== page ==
Cancer-stricken kids are hard to top when it comes to generating an emotional response, but the Hallmark Hall of Fame’s latest preholiday visit, “November Christmas,” nevertheless gets the most out of that heart-tugging (and -warming) premise. That’s largely thanks to Sam Elliott as a curmudgeonly neighbor, wide-eyed Emily Alyn Lind as the child and a winning “It takes a village”-type theme derived from Greg Coppa’s short story. Predictable as the movie is, under Robert Harmon’s sensitive direction of P’Nenah Goldstein’s script, you’d have to be a real Scrooge to resist it.
The best of Hallmark’s movies create the atmosphere of a haven from the bustle of the TV world, one that encourages a cup of cocoa by the fire and perhaps the shedding of a few tears. Oh, and incidentally, have you bought your holiday cards yet?
Toward that end, the parents in this movie — played by John Corbett and Sarah Paulson — confuse their neighbors by asking a lot of questions about finding pumpkins in August and Christmas trees well before Thanksgiving. It turns out that’s because their 8-year-old daughter Vanessa (Lind) is sick, and fearing the worst, they want to squeeze in as many holidays as they can while she’s still able to enjoy them.
Enter a kindly farmer (Elliott) and his wife (Karen Allen), who lost a child themselves years before. After a few puzzling exchanges with Tom (Corbett) and realizing the ordeal their family faces, the older couple begins looking after their son for them, before engineering an act of kindness — infused with the spirit of the Make-a-Wish Foundation — almost sure to put a lump in even the most cynical throat.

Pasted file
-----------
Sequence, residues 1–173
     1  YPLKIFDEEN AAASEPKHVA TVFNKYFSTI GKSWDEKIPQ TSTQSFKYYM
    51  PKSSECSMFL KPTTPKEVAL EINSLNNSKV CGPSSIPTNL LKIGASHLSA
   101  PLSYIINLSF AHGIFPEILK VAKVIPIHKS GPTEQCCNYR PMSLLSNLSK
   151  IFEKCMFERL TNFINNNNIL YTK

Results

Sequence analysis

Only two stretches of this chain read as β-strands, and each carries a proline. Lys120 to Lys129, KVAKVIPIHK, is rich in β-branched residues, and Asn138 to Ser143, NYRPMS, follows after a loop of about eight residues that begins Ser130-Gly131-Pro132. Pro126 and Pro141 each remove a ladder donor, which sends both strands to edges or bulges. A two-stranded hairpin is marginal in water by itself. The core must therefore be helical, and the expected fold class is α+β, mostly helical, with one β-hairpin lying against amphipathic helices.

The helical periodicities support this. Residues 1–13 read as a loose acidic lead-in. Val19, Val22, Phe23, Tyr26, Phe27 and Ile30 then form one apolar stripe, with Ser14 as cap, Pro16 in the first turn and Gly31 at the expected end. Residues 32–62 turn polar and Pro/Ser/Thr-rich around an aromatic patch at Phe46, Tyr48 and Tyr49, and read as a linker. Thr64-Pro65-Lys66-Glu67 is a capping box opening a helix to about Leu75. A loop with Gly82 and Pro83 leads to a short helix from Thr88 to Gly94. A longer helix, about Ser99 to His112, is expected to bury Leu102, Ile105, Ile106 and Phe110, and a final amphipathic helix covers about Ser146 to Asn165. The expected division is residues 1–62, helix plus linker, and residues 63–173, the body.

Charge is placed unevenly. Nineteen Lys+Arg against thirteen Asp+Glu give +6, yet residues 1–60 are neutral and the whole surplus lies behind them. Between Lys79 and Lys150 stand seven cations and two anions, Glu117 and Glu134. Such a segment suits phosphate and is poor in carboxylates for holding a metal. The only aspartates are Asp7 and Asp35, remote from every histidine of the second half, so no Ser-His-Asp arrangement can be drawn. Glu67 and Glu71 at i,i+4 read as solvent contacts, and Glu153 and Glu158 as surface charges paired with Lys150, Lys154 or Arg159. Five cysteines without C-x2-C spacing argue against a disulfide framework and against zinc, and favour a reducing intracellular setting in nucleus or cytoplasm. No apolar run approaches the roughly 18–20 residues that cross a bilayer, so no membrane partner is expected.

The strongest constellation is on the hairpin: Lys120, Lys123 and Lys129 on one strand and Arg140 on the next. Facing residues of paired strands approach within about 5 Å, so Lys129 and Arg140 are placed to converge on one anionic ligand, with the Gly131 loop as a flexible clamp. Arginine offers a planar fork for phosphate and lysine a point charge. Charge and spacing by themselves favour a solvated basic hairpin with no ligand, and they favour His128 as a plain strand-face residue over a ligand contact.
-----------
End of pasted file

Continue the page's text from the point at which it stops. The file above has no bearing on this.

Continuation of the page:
A bit like fellow sexagenarian (and CBS stalwart) Tom Selleck, Elliott has somehow managed to suspend the aging process except in the most flattering of ways, while losing none of his laconic charm. He’s the linchpin of the movie’s appeal — along with Lind, a marvelous little actress — though it’s a firstrate cast from top to bottom.
Admittedly, “November Christmas” can’t help but amble along in places, given that there’s relatively little meat and the story is told in reassuring flashback. But unlike some recent “Hall of Fame” entries, the payoff here is ultimately worth taking the time to set aside a box of tissues and warm up some cocoa.